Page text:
The NBA finals a bit dizzying; and so is Stengel's linguistic legacy; TOUCHING OTHER BASES; 'Triple threat' sports journalist

Robert Riger (pronounced REE-ger) grew up when triple threats -- players who can run, pass, and kick a football -- were relatively commonplace. In some way, they have perhaps been an inspiration in his own career as a sports journalist.

His craft is communication through pictures -- drawn, photographed, nd televised ones. His dual love of sports and the visual arts have seen him ply his trade as an illustrator-photographer with Sports Illustrated, and more recently as a writer-director with ABC Sports.

Several months ago Riger's latest book, "The Athlete," sort of a 25-year portfolio of his work, hit the stands. In making the promotional rounds, the author shared some rather interesting observations and opinions.

The most difficult sport to photograph, he says, is tennis. "you'd think it would be the easiest because of the confined playing area and length of a match. Long lenses are used more and more to zero in on the player's head and racket, but in tennis you must have the feet. There's great energy in tennis, and you need enormous camera speed to capture the movement along the baseline and up to the net."

Motor-driven cameras, Riger worries, could spell the downfall of sports photography. "I'll be working on an athlete's face, waiting to take one picture , and behind me I hear a shutter going bop, bop bop, and all he's doing is signing an authograph. You don't need a motor-drive for that, but the photographer uses it so he can return to his editor with a large selection of sharp, safe pictures."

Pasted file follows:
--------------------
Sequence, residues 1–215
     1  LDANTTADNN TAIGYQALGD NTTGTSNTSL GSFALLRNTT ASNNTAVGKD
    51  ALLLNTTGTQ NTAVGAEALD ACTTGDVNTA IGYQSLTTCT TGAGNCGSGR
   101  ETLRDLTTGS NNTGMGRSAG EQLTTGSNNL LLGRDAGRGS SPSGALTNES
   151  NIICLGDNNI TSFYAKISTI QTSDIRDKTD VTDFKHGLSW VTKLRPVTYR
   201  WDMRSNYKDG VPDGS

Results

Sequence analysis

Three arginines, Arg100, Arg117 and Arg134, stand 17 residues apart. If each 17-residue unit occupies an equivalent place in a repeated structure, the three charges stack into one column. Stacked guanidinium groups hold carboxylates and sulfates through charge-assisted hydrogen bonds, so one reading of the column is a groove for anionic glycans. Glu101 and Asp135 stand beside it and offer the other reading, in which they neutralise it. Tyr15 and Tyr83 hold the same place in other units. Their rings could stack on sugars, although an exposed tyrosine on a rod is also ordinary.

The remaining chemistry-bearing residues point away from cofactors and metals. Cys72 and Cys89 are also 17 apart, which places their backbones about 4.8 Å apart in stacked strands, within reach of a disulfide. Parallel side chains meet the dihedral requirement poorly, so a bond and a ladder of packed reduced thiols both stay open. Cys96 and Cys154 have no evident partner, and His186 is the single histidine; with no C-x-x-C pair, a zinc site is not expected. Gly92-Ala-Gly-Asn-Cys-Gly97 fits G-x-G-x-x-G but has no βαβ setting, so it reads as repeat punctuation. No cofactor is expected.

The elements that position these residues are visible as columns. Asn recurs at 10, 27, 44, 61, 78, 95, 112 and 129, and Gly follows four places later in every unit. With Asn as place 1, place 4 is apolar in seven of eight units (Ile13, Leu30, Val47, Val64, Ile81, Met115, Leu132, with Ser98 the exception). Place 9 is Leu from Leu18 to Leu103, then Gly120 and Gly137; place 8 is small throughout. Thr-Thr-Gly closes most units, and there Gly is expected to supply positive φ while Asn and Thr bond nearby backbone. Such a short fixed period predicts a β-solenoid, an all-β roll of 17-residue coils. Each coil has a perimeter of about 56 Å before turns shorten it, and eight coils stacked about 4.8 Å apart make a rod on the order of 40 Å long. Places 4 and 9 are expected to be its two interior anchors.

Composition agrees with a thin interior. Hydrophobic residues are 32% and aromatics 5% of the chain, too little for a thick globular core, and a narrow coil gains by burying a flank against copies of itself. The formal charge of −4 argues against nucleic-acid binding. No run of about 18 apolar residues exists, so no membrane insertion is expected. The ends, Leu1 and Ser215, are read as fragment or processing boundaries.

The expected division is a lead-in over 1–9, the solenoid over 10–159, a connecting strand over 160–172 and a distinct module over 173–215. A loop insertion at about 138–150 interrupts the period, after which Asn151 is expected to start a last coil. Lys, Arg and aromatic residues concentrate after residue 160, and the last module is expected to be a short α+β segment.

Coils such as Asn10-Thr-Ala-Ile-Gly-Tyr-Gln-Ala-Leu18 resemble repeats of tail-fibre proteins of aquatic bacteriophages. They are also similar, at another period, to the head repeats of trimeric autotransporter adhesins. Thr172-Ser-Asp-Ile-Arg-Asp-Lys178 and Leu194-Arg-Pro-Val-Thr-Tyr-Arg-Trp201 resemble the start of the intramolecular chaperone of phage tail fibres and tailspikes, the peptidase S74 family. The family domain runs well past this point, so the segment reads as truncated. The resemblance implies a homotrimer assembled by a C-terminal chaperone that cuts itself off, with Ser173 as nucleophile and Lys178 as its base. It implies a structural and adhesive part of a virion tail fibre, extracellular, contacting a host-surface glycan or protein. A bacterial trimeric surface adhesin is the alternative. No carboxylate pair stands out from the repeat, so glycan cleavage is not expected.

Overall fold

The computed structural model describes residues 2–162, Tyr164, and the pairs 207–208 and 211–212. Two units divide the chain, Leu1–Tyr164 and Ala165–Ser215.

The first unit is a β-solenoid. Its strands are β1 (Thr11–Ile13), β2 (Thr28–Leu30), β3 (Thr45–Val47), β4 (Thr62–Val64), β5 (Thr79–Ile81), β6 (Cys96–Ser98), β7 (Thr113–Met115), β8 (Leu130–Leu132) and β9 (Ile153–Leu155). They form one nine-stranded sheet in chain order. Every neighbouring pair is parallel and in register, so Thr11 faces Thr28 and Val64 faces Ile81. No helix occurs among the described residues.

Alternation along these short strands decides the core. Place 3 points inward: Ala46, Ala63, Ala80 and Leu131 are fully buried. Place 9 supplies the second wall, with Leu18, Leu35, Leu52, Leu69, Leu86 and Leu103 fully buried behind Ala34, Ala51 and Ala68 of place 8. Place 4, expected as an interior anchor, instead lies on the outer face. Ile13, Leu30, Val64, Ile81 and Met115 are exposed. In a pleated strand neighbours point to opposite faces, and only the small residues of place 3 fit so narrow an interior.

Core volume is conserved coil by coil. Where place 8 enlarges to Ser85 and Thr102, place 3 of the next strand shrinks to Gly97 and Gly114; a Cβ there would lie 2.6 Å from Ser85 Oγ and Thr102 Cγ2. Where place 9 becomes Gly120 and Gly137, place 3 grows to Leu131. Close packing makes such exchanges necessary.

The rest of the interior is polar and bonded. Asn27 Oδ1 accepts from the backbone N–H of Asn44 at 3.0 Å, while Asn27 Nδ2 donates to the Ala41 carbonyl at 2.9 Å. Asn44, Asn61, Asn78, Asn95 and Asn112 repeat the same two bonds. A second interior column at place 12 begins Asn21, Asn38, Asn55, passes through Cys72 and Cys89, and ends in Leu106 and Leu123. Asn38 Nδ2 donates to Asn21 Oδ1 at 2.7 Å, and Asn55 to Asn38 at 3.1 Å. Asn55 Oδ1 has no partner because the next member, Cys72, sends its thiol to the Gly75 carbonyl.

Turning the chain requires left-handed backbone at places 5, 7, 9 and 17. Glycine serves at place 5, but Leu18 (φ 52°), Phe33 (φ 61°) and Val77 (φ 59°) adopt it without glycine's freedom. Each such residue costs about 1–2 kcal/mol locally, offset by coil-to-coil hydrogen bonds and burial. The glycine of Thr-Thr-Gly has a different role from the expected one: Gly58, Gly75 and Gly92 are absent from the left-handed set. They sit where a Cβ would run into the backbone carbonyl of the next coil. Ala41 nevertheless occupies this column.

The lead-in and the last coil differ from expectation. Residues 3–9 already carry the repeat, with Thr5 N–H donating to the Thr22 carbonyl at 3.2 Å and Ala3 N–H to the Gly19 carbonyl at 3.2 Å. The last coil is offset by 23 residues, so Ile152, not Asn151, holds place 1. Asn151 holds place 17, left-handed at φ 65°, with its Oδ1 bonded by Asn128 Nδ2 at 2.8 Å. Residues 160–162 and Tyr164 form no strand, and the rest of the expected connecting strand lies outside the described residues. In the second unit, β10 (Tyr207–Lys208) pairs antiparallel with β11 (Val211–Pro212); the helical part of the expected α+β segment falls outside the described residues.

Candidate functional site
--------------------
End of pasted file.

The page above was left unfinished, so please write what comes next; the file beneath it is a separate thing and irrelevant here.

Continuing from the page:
On the "incisive kind of closeness" of today's visual images, he says, "A young boy probably knows as much about the mannerisms of a quarterback as he does his father's because he sees picture so much. TV can fill the screen with the face of an athlete at the highest movement of his craft, actually look into his eyes. You couldn't do this during the days of radio, and you couldn't do it during TV's early days, either, because the lenses weren't strong enough."

NBC's announcerless pro football telecasts, Riger feels, was "a bit of a ridicule," but it foretells the age of computerized coverage. "Certainly many sports will eventually be covered by drone cameras. Chips will be planted in a baseball's seams and cameras will t urn and cover base hits automatically."

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